LOUISIANA PARTITION LAW

Getting a Partition Under Louisiana Law – How to Protect Your Property Interest

When two people own a piece of property jointly, they have a right to partition that land if they decide that they no longer wish to live together or co-own the land or home. A partition can happen in two ways. A voluntary partition occurs when the parties agree to divide the land, and they enter into a private contractual agreement that covers the methods for division. If they cannot agree, then the parties can litigate the issues, which will lead to a judicial partition in Louisiana law.

Regardless of whether the partition was voluntary or judicial, there are two methods for dividing co-owned property. The parties can either seek a partition in kind or a partition by sale. A partition in kind physically divides the land between the two parties, and it is usually only used in cases where the land is a large parcel or vacant land. When the land has a building, or is a residential piece of property, then it is usually partitioned by sale. In a partition by sale, the land is sold at auction and the parties are allowed to split the proceeds.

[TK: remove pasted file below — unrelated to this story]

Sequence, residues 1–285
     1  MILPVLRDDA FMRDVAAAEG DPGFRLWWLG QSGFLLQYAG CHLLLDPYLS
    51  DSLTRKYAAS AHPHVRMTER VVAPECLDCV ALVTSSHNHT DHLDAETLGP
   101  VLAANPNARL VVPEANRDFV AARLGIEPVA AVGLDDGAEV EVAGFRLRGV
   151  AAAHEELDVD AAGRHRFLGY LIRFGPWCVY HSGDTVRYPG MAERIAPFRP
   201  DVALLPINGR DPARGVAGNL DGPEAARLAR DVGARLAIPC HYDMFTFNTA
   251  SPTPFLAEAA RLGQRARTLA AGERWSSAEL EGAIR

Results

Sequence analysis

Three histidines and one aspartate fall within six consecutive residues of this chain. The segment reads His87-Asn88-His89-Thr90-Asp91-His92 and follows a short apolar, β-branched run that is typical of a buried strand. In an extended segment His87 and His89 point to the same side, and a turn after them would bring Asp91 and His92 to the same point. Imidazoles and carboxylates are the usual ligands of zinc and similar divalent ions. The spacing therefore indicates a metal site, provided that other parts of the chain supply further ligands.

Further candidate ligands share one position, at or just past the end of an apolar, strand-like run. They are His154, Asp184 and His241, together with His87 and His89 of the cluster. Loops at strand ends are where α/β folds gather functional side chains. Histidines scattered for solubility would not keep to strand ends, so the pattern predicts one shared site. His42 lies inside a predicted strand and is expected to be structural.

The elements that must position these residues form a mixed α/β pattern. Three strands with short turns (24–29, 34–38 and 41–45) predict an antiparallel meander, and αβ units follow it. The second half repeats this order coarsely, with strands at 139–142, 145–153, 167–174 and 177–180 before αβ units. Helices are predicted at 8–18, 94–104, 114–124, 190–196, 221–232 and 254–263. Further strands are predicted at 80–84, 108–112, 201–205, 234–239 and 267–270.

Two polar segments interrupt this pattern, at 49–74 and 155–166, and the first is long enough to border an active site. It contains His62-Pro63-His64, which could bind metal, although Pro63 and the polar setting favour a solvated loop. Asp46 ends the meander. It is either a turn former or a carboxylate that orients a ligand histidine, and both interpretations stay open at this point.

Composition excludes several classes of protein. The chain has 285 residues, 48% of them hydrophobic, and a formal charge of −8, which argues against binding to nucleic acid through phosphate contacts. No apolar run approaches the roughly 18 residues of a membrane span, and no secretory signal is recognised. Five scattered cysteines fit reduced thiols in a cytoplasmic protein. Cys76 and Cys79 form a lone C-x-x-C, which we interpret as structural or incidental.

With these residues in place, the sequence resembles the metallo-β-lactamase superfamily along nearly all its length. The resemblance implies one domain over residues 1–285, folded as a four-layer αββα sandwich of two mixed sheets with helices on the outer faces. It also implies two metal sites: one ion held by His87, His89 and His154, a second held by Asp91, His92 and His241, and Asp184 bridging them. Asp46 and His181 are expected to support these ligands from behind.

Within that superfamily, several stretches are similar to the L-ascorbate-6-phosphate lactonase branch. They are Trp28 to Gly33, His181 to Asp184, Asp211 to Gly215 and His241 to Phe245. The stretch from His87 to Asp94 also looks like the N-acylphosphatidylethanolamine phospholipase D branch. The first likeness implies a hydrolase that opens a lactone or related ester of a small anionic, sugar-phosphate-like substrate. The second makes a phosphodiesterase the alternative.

The breakdown of division of property depends on the type of tenancy held. If the owners are joint tenants, the property must be divided in equal shares. If the co-owners are tenants in common, than the property must be divided according to their contractual share of the percentage that they contributed to the acquisition of the property. Louisiana is a lien theory state, which means that mortgagors and lenders automatically have a lien on the property for the amount outstanding on the loan. When a partition is sought, any liens must be satisfied by the property owners before the land can be divided or sold.